Understanding Import Duties and Taxes

Sandra Desouza
By Sandra Desouza
| 12th July 2017

Import duties and taxes on exhibition goods can amount to a costly sum when exhibiting overseas. Exhibitors sometimes pay more than necessary if they do not have an effective temporary import facility in place. Trying to estimate these costs is a challenging process and it is no surprise exhibitors are overwhelmed by complicated customs processes, paperwork, and complex duty and tax rules.

How do ATA Carnets and Temporary Import Bonds (TIB) work?. What are the differences? When should they be used for shipping goods internationally? When is duty and VAT applicable?. Having some basic knowledge about temporary and permanent importation help’s exhibitors understand the customs process when shipping goods overseas.

Exhibitors have two options for importing goods temporary and permanently. Temporary importation allows for the delay or avoidance of duty payments. Permanent Importation requires the immediate payment of duties and taxes.

In most instances ATA Carnet’s simplify the importation and exportation process. it is an international customs document used to temporarily import items into another country. Items registered on an ATA Carnet, are not subject to VAT or other import duties, and they are eligible for unlimited international entries and departures for up to one year using the same document. All items shipped internationally under carnet must return to origin so it does become an ideal tool when moving high value temporary exhibition goods. Carnets cannot be used for consumable products or items for potential sale in a foreign country, since anything missing from the returning shipment will incur a costly charge plus customs fees and VAT.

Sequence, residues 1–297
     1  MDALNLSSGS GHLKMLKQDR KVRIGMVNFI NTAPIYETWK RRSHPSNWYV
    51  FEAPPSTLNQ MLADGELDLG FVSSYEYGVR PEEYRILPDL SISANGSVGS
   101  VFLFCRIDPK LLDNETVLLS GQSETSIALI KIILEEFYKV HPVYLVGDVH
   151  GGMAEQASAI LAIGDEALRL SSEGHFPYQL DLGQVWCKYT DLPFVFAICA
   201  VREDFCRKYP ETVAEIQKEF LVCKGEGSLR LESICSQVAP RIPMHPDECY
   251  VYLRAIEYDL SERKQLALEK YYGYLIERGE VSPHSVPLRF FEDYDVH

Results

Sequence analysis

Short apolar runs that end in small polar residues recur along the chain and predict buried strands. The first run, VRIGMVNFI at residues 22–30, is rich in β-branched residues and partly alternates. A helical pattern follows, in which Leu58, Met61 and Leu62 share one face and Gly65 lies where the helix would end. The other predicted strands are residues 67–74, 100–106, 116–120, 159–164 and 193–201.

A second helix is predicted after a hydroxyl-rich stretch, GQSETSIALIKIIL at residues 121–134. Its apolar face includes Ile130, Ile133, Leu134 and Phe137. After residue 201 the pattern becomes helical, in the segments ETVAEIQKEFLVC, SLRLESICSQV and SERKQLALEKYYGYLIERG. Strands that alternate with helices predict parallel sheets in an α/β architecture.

If you’re exhibiting in a country which does not participate in the ATA Carnet system, Temporary Importation under Bond (TIB) may be an option. Bonds can be issued by governments, customs brokers, and freight forwarders in the destination country, a surety bond is posted against the goods, deposit and payment is made in local currency, and when goods are re-exported the bond is cancelled. Fees for TIB’s vary widely country to country and depend upon the commercial value and type of goods being imported. From the exhibitor’s perspective, entry fees for processing a TIB are generally higher than those for an ATA Carnet. A TIB entry is less restrictive than an ATA Carnet but the costs of keeping the goods in country after they have been entered under a TIB are much higher.

When Permanently importing exhibition goods which will not be returned, or when dealing with countries where ATA Carnets or TIBs are not an option, exhibitors may be able to pay Value Added Tax (VAT), Goods and Service Tax (GST) and duty fees in advance of entry. Each country has a different formula for charging taxes and duties on items and materials brought into the country through customs.

Many exhibitors utilise ours services to co-ordinate customs clearance on their behalf because of our vast experience with shipping goods worldwide and the time-consuming nature of the whole process. Premier Showfreight provides advice and guidance on customs documentation to ensure the right importation process is applied to your shipment. It is our job to ensure you receive your exhibition goods on time, ensuring you are aware of duty and tax implications whilst adhering to all customs requirements.

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